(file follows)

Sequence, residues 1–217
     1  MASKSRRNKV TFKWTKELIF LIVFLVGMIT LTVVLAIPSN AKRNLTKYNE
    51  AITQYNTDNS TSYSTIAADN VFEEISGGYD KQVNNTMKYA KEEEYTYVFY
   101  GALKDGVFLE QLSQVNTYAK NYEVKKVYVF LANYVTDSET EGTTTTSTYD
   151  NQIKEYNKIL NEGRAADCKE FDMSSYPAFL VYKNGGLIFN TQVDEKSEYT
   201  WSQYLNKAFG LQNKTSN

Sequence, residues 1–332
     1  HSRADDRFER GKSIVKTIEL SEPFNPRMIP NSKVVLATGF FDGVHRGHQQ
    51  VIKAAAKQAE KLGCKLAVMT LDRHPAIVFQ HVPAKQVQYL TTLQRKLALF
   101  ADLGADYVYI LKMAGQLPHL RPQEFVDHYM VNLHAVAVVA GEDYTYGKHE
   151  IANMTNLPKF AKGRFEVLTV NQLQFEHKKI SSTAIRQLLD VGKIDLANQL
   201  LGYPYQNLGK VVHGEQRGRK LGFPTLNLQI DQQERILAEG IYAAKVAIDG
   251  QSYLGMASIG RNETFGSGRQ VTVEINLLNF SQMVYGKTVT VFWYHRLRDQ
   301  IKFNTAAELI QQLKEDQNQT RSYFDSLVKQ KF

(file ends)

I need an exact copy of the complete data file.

Sequence, residues 1–217
     1  MASKSRRNKV TFKWTKELIF LIVFLVGMIT LTVVLAIPSN AKRNLTKYNE
    51  AITQYNTDNS TSYSTIAADN VFEEISGGYD KQVNNTMKYA KEEEYTYVFY
   101  GALKDGVFLE QLSQVNTYAK NYEVKKVYVF LANYVTDSET EGTTTTSTYD
   151  NQIKEYNKIL NEGRAADCKE FDMSSYPAFL VYKNGGLIFN TQVDEKSEYT
   201  WSQYLNKAFG LQNKTSN

Sequence, residues 1–332
     1  HSRADDRFER GKSIVKTIEL SEPFNPRMIP NSKVVLATGF FDGVHRGHQQ
    51  VIKAAAKQAE KLGCKLAVMT LDRHPAIVFQ HVPAKQVQYL TTLQRKLALF
   101  ADLGADYVYI LKMAGQLPHL RPQEFVDHYM VNLHAVAVVA GEDYTYGKHE
   151  IANMTNLPKF AKGRFEVLTV NQLQFEHKKI SSTAIRQLLD VGKIDLANQL
   201  LGYPYQNLGK VVHGEQRGRK LGFPTLNLQI DQQERILAEG IYAAKVAIDG
   251  QSYLGMASIG RNETFGSGRQ VTVEINLLNF SQMVYGKTVT VFWYHRLRDQ
   301  IKFNTAAELI QQLKEDQNQT RSYFDSLVKQ KF